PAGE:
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|Title:||An Econometric Analysis of the Relative Share of Labor, Demand and Cross Demand Elasticities, and Elasticities of Substitution for Inputs: A Case Study in the Chiang Mai Valley|
|Department / Program:||Agricultural Economics|
|Degree Granting Institution:||University of Illinois at Urbana-Champaign|
|Abstract:||Utilizing the economic theory of duality between production and cost functions, a cost function approach is used to identify those factors which influence the relative share of labor for farmers in the Chiang Mai Valley, Thailand. Data from a World Bank survey of farmers in the Chiang Mai Valley are used. The data are separated into two samples, one for those farmers using animal power and one using tractor power. In addition, demand and cross demand elasticities and elasticities of substitution for inputs are estimated. The estimated model and parameters are used to consider ways of lessening the problem of unequal income distribution and rural unemployment.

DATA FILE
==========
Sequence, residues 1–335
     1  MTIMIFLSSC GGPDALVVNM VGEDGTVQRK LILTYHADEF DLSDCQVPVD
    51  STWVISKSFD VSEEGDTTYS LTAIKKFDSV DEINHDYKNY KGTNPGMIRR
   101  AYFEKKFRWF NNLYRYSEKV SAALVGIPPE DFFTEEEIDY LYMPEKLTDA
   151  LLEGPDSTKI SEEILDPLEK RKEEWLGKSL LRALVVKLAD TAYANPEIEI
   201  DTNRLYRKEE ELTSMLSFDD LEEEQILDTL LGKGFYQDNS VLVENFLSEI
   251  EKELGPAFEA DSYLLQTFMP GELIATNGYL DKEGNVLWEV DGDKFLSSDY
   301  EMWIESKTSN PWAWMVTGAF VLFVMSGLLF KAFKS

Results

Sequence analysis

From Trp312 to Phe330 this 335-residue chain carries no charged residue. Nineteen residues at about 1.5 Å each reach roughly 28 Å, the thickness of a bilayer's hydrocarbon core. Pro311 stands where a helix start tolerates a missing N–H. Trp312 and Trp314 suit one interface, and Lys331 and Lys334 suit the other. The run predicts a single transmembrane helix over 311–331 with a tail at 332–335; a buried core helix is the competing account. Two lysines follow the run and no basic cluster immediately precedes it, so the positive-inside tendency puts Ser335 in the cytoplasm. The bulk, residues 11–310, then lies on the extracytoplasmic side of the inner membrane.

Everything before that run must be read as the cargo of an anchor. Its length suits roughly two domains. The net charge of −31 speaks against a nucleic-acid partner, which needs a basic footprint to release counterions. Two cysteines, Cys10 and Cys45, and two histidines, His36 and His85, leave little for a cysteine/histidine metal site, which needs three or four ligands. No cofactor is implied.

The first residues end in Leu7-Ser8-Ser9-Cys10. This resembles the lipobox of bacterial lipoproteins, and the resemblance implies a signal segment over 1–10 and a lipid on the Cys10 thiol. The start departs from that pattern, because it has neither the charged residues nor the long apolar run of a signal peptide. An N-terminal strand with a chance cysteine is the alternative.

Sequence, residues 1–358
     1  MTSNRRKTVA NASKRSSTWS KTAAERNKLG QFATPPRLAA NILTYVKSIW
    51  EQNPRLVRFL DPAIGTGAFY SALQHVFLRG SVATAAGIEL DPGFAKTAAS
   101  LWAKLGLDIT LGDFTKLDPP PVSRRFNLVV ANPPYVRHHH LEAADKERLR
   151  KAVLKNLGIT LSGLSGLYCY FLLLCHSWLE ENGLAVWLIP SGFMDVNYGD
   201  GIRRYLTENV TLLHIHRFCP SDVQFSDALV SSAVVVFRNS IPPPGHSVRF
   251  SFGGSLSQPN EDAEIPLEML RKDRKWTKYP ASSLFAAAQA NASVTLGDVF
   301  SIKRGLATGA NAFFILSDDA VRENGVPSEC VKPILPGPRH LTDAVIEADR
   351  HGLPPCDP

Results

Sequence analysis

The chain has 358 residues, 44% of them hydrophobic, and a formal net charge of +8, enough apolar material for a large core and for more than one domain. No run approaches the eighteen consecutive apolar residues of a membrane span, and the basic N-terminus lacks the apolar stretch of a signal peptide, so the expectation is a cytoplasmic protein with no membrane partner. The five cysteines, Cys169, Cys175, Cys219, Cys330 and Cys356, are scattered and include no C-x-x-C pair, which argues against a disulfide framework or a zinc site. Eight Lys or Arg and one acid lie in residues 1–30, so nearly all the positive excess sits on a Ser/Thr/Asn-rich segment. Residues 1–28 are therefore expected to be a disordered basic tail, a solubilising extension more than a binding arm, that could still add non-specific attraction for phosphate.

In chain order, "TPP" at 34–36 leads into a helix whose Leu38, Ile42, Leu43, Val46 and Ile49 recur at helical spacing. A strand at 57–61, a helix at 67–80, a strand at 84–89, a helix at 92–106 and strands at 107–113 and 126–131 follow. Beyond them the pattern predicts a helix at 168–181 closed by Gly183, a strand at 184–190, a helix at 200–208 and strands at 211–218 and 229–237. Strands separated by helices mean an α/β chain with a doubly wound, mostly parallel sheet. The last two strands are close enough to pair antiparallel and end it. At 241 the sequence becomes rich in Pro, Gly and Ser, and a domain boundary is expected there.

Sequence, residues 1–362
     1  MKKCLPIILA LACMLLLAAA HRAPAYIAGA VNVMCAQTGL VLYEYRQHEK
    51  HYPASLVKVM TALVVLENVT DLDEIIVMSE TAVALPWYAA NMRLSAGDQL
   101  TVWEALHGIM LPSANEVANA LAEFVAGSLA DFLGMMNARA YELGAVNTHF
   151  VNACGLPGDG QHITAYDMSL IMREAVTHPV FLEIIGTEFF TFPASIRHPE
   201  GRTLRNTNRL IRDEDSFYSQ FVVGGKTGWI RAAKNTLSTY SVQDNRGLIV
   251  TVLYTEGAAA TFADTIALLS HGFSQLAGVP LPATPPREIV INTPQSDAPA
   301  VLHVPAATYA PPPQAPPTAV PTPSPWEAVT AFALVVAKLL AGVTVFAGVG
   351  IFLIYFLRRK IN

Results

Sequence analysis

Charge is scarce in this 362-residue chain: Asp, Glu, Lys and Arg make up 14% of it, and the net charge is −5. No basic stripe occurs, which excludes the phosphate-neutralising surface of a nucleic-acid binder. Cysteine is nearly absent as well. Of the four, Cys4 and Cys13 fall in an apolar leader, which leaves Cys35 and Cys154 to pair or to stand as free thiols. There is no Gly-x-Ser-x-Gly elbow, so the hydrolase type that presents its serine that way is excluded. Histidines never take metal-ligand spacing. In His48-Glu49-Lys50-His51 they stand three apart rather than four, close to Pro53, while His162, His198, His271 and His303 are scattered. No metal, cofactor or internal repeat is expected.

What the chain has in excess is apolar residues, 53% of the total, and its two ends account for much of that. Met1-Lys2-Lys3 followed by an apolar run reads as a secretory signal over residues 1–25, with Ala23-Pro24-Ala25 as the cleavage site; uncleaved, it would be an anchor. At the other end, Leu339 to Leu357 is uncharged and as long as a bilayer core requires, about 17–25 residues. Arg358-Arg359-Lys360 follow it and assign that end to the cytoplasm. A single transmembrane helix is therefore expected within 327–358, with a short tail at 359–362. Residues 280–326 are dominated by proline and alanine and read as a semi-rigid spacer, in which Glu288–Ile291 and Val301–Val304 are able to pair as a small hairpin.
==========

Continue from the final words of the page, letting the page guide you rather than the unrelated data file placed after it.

Restricted ordinary least squares (OLS), restricted seemingly unrelated regression, and Stein estimators are employed for estimation of the equations of the relative shares of inputs. The restricted OLS estimates are selected on the basis of a squared error risk criterion, efficiency of estimates of the coefficients of important explanatory variables, elimination of the choice problem of which equation to omit from the system of equations associated with seemingly unrelated regression and because the differences between the Stein and the restricted OLS estimates are trivial.
The restricted OLS empirical results indicate: (a) the relative share of labor is positively associated to increases in the prices of seed, fertilizer and labor but negatively related to price of equipment, rental cost of animals, land rent, and output for the animal power farming technique. The results from the tractor power farming technique are in the same direction, for the corresponding explanatory variables, as those of the animal power farming technique except the output level and price of fertilizer; (b) all of the input demand elasticities are inelastic; (c) all of the elasticities of substitution between labor and other inputs for the animal power farming are substitute inputs. In the tractor power farming technique, labor and equipment, labor and seed, labor and land are substitute inputs while labor and tractor, labor and fertilizer are complementary inputs.
Thesis (Ph.D.)--University of Illinois at Urbana-Champaign, 1983.
|Date Available in IDEALS:||2014-12-15|
This item appears in the following Collection(s)
Dissertations - Agricultural and Consumer Economics
Graduate Dissertations and Theses at Illinois
Graduate Theses and Dissertations at Illinois